Truckies fight for Razorback
THEY were loud and they were angry. But their voices were heard.
Truck drivers involved in the 1979 Razorback Blockade in protest of road taxes, and those who respected their actions which brought about the much-needed changes in the transport industry, were baffled at a decision by New South Wales’ Roads and Maritime Services to set up a truck inspection bay at the memorial site on Razorback Mountain.
“It’s not going to kill any of us, but it’s not in good taste for them to be setting up there,” said Bunny Brown, who participated in the blockade at Yass.
“It’s more or less laughing in our faces isn’t it?
“Up on top of the range where we were making a stand. That’s a pretty sacred (site) to the industry for the ones that stood their ground.
“There are plenty of other areas they can set up, just not where our memorial stands.”
In a statement to Big Rigs after the signs appeared, a RMS spokesperson said “Roads and Maritime compliance operations requested the installation of heavy vehicle inspection signs on the Old Hume Highway at Razorback, near Picton”.
“This site has not been used as a heavy vehicle inspection location and it will not be used as a regular fixed site.”
The signs were removed the day the statement was released.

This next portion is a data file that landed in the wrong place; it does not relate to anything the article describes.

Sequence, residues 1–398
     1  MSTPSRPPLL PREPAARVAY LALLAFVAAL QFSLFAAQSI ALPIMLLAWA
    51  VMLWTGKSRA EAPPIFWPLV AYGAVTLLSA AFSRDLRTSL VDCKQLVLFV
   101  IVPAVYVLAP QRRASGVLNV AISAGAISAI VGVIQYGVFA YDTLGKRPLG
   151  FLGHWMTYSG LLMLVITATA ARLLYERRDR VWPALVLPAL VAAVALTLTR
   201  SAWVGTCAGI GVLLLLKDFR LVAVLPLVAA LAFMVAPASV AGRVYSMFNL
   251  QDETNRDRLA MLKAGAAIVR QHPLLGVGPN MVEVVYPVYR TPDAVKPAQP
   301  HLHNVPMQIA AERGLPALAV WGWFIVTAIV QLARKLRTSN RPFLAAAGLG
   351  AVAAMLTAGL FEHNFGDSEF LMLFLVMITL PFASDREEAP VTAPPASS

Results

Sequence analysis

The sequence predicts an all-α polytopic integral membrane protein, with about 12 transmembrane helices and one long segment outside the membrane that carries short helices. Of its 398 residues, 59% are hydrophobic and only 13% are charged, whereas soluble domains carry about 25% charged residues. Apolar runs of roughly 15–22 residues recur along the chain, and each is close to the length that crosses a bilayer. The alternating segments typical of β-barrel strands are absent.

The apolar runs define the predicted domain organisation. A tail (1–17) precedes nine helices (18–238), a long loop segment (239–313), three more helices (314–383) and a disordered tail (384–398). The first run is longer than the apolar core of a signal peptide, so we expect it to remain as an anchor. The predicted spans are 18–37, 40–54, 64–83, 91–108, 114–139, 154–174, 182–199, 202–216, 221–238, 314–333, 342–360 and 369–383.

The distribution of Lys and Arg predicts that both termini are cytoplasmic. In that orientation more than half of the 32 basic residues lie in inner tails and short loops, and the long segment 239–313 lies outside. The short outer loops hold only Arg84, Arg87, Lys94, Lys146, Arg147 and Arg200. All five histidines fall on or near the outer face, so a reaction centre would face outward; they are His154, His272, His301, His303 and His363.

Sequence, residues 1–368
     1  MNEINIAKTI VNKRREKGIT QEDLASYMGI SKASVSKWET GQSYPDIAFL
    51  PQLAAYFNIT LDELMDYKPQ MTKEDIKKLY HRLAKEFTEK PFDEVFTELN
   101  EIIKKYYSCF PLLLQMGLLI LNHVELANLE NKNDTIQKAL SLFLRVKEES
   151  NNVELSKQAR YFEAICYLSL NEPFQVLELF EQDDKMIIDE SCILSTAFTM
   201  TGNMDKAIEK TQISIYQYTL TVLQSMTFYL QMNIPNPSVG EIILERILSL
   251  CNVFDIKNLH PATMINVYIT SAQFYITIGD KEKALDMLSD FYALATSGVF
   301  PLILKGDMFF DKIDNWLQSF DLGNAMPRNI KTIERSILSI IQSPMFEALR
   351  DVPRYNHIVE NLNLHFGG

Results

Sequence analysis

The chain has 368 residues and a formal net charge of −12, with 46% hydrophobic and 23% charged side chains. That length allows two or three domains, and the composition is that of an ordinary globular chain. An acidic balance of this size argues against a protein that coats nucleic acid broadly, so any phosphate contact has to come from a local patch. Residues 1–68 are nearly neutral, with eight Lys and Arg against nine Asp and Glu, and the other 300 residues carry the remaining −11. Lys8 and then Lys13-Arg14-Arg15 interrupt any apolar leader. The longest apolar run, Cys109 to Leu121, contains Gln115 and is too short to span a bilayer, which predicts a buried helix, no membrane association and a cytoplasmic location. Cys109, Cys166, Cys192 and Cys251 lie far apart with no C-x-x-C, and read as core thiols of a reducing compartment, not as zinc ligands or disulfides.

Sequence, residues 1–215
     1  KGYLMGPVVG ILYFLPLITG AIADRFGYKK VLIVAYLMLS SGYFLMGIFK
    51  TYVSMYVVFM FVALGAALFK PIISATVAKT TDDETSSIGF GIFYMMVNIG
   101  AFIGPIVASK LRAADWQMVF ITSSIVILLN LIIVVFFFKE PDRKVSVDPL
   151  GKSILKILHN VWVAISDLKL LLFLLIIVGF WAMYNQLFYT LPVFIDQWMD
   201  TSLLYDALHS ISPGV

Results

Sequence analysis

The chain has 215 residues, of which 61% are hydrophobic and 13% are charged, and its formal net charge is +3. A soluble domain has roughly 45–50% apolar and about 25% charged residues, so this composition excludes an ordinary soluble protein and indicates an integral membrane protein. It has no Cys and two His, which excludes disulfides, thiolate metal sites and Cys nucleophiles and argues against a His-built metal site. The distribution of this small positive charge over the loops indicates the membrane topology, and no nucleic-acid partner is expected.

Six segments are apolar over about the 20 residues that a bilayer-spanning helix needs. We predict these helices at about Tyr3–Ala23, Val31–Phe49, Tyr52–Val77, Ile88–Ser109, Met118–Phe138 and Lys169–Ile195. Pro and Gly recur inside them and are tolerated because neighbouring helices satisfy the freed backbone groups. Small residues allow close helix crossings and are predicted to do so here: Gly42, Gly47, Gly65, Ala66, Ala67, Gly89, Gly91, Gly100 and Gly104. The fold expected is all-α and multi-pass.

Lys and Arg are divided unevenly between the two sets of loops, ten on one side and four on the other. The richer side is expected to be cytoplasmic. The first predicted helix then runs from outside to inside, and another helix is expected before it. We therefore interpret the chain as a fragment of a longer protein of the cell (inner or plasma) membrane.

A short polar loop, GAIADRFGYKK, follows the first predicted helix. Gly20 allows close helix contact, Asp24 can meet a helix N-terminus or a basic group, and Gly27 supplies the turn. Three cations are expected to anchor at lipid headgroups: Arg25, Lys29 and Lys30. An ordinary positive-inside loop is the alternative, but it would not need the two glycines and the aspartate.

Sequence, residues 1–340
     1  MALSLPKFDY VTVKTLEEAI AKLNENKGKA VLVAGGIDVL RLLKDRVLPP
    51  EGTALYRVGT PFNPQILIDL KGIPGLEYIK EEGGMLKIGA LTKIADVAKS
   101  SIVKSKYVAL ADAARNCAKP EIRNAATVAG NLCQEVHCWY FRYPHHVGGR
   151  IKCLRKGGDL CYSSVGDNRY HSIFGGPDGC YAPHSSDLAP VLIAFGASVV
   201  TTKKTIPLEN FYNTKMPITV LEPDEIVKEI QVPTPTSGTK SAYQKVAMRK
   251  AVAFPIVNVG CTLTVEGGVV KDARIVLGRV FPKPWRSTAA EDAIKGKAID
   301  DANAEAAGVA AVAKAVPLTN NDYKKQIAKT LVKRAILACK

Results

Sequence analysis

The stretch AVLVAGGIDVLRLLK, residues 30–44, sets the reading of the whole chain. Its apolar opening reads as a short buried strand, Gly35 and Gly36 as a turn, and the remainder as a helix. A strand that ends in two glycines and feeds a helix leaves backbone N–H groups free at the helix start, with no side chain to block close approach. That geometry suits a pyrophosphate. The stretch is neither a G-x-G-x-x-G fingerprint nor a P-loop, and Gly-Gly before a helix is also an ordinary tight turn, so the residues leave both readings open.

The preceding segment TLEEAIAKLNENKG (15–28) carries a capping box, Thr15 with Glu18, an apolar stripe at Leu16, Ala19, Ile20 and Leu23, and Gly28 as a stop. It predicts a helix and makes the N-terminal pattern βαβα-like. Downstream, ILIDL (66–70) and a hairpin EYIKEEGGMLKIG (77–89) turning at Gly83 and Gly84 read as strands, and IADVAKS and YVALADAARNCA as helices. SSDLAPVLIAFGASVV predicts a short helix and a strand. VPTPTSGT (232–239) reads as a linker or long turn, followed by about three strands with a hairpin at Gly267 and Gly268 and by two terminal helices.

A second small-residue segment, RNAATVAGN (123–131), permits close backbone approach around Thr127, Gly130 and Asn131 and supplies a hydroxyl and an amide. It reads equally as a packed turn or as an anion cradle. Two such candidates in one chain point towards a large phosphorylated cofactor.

The spokesperson said Roads and Maritime was “committed to improving road safety outcomes for the heavy vehicle industry and the wider community through effective regulatory programs and compliance enforcement actions”.
That victory was thanks to truckies like Bunny and fellow blockade participant Spencer Wattling, and Wollondilly Shire Councillor Simon Landow.
Protecting the memorial site became a priority for Cr Landow after he struck up a friendship with Spencer 15 years ago. Along with Ted ‘Greendog’ Stevens, Colin Bird, Harry Grimson and Jack Hibburt, Spencer was on the frontline of the protests, and helped inspire more than 2000 other owner-drivers to join their nationwide stand.
“I’ve got a great respect for Spencer and lately I’ve been lobbying to get some more improvements for the memorial site,” said Cr Landlow.
Cr Landow thanked the truckies for standing up.
“People power won again,” he said. “The truck drivers forced the issue. If no one cared they (the signs) would still be there.”
Minister for Roads, Maritime and Freight Melinda Pavey did not return a request for comment.
IT’S GONE: Truckie Spencer Wattling (right) celebrates the removal of the sign with the man who removed the sign.